Coming to America
August 7, 2017
Everyone who comes to America gives up something in pursuit of the American dream. Some people give up their traditional dress; others teach their children to speak only English. Everyone gains something as well: a new accent, a sense of individualism, a new beginning. The immigrant experience is one of profound losses and joyous gains.
Recently, the Civic Lab discussed the topic of immigration with patrons. Below are some of the questions we discussed as well resources for learning more.
1. Have you lost something you wish you had worked harder to keep? What have you gained that you are most proud of or happy with?
2. If you have children born in America, or if you are the child of an immigrant, how connected do you feel with your heritage?
3. What advice would you give to someone who is new to America?
“How to Get Your Green Card in America” by Sarah Mathews
Sarah’s parents gave up a lot when they left Oman, but in coming to America she gained a lot. The author explores everything she learned as a youth in America—including how getting your green card makes you feel like a pardoned Thanksgiving turkey; safe and overjoyed but also aware that others aren’t so lucky.
“I Found the House My Grandparents Abandoned in 1947” by Ahmed Ali Akbar
The author’s grandparents were born in the India that existed before Pakistan was created. Ahmed revisits the neighborhood that could have been his while unearthing his family’s history and discovering what was lost when his grandparents immigrated to the United States.
“A Childhood Spent inside a Chinese Restaurant” by Susan Cheng
Born to Chinese immigrants in America, the author grew up thinking in Mandarin first, English second. While she grew up with Eastern values firmly instilled into her upbringing, Susan gained a sense of individualism by being American: liberation from what her parents wanted and the freedom to be her own person.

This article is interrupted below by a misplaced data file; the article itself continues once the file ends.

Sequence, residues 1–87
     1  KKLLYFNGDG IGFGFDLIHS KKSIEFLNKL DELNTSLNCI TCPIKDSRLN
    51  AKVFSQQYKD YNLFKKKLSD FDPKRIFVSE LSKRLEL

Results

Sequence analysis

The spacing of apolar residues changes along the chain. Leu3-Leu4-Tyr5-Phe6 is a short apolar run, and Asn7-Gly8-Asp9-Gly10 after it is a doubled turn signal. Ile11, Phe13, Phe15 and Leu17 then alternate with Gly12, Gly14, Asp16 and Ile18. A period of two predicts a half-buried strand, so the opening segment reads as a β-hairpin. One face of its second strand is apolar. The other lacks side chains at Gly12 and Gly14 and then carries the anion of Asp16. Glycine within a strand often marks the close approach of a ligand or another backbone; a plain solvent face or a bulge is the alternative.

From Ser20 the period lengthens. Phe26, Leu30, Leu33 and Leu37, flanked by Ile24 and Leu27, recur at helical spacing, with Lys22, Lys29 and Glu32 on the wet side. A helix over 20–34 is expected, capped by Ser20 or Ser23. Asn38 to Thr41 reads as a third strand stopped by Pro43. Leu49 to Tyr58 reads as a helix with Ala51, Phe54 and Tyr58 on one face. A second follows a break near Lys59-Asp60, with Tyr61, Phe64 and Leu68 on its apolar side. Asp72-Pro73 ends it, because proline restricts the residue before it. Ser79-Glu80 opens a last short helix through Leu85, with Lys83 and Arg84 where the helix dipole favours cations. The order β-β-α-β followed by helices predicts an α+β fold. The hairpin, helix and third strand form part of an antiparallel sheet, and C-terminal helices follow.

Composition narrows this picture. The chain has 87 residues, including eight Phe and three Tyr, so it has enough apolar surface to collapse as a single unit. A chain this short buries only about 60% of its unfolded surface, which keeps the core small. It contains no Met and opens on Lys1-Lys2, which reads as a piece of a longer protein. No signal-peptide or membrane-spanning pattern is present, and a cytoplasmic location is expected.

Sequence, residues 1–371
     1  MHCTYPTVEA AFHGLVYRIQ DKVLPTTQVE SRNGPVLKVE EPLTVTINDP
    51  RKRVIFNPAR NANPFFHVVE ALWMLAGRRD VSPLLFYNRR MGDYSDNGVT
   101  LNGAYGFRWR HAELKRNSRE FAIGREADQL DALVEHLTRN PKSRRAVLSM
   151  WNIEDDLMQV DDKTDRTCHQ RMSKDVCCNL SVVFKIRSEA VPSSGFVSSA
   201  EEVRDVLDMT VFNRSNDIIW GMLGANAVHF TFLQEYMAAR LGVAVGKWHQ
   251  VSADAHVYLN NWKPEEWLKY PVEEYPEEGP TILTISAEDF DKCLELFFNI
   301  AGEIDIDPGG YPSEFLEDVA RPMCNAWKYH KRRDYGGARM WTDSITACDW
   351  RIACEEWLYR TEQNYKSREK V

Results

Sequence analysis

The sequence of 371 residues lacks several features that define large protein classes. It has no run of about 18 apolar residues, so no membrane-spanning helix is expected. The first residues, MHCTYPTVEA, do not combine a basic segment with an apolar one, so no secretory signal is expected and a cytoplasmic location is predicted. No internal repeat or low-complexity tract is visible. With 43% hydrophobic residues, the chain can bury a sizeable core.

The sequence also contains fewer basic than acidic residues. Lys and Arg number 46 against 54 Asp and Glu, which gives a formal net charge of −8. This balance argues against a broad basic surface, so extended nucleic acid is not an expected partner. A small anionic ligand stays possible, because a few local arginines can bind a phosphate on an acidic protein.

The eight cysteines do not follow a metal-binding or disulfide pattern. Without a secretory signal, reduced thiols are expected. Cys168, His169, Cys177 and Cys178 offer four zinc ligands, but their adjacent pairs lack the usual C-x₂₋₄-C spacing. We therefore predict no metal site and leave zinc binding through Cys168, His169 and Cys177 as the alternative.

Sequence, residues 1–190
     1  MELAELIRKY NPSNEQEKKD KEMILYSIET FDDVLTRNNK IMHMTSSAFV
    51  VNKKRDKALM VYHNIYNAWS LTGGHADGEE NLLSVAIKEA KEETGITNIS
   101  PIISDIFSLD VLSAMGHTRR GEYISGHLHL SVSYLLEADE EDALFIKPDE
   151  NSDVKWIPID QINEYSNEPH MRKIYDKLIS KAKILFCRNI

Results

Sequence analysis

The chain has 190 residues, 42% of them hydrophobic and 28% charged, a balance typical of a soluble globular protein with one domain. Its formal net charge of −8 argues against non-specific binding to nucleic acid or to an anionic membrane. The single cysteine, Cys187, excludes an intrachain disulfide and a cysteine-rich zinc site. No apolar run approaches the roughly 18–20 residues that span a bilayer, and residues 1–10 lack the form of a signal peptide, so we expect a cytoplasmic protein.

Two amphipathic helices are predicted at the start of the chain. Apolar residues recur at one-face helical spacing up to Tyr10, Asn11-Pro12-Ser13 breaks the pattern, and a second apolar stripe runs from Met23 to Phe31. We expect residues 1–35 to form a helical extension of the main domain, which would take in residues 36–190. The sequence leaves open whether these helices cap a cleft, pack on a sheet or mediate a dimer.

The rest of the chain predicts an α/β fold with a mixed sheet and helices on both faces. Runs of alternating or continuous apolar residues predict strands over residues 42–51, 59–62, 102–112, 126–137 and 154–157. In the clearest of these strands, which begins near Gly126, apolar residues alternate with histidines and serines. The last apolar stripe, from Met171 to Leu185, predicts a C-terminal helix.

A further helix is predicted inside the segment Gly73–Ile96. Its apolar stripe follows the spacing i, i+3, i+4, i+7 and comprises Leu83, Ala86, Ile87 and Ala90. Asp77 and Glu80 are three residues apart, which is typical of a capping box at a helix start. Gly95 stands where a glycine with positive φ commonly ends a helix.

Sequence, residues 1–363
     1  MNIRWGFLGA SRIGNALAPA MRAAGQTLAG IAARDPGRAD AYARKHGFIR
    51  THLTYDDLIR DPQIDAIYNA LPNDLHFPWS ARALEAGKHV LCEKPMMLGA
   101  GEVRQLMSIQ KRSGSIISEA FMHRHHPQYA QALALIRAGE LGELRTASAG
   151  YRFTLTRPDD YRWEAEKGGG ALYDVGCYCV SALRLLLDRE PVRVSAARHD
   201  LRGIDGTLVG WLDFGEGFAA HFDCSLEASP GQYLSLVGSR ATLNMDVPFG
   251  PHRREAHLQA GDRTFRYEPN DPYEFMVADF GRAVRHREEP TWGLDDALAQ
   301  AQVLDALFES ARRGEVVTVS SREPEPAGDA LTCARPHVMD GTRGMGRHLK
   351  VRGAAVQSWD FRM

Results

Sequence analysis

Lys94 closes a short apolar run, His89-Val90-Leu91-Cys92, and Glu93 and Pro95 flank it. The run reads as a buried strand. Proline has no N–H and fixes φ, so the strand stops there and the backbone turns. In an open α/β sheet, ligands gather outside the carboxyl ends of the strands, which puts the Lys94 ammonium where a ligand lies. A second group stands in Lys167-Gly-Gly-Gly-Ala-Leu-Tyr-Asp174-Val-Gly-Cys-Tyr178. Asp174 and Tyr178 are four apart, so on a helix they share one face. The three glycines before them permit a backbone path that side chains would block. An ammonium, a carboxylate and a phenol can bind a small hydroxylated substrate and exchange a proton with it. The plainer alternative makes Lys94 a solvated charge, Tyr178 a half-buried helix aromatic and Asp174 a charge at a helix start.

“Making Great Pho Is Hard, but Making a Life from Scratch is Harder” by Nicole Nguyen
When Nguyen’s parents began their lives in America, they encountered barriers faced by countless immigrants. What they were not prepared for was the feeling that they were giving up pieces of their identity as they worked to conform to American norms. The author explores how her family maintained their connection to their homeland by cooking and enjoying food together.
“How I Learned to Celebrate Eid Al Adha in America” by Zainab Shah
Among the hustle and bustle of going to school, holding a job, making rent, and avoiding being labeled a terrorist, Shah lost connection to the traditions of Pakistan after immigrating to America with her husband. The author recounts how, after eating an Eid dinner in sweatpants, she works to make the next Eid a better one by delving a little deeper into her heritage.
Americanah by Chimamanda Ngozi Adichie
The Fortunes by Peter Ho Davies